AsusTek said the EEE Pad Transformer, which runs on the Android 3.0 operating system, distinguishes itself with an optional keyboard that is superior to docking options for other Tablets because of its light weight and flexibility.
Its 10.1in screen with a front and rear camera can be detached from the keyboard to allow users on the move quick web browsing and film viewing. Plugging it to the keyboard dock, the device can then be used as a fully-fledged laptop.
"In our own pursuit of perfection, we offer users more options," AsusTek CEO Jerry Shen told The Associated Press. "They can get a full range of functions including 10-finger touch, Flash supported video viewing, e-book reading, and a physical keyboard so they don't have to deal with any inconveniences."
The EEE Pad Transformer, which just became available for pre-order in Taiwan, goes on sale in Britain on March 30, to be followed by US sales.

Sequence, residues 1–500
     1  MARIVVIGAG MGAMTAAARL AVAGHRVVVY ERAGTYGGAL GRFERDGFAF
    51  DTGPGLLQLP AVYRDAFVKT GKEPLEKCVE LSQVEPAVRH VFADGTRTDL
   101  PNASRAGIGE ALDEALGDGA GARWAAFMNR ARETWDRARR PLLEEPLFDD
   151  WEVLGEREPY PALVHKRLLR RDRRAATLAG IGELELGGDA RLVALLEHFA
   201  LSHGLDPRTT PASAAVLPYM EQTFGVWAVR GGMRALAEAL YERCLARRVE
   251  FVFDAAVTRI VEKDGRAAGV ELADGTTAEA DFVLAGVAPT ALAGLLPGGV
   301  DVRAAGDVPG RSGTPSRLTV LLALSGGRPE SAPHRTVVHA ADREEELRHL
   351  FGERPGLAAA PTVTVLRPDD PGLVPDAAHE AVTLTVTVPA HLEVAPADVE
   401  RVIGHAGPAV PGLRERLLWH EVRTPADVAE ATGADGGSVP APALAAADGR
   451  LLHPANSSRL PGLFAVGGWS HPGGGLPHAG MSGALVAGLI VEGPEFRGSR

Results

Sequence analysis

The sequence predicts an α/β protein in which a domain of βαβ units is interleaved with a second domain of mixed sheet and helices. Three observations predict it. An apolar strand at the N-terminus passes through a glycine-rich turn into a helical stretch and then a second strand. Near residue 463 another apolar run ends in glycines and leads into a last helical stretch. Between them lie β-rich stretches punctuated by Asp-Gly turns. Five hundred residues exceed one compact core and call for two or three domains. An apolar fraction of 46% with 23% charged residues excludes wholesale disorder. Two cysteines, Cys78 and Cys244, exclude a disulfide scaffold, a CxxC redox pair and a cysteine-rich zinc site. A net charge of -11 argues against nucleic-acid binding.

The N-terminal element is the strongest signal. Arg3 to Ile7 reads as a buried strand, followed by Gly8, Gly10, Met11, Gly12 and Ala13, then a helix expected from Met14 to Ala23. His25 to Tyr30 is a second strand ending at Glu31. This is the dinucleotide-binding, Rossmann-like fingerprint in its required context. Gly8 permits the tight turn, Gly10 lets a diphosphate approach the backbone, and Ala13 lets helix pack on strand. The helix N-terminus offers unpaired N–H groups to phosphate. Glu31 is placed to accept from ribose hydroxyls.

In Taiwan, the 16GB version without the keyboard sells for US$500, while the keyboard version costs US$600. The company did not provide prices for other markets.
Another Asus Tablet, the 12in e-Slate powered by the Microsoft Windows operating system, went on sale in January, while two additional Asus Tablet models will go on sale soon. Shen said he expected total sales of the four models to reach two million units this year.
Taiwan's Acer Inc, the world's third largest computer vendor, has already unveiled four Tablet models, as well as a 4.8in smartphone that doubles as a Tablet. The company says all will be on sale next month.
Shen acknowledged Apple Inc's current dominance in the rapidly expanding Tablet computer market, but predicted that its market share would fall to 50% by next year, as devices run on Android and Microsoft systems pick up steam.
Asus pioneered netbooks - mini-laptops - to great fanfare in 2007. Once seen as a key to the company's growth, sales remained flat in 2010, Shen said, following the iPad's appearance in the marketplace. - AP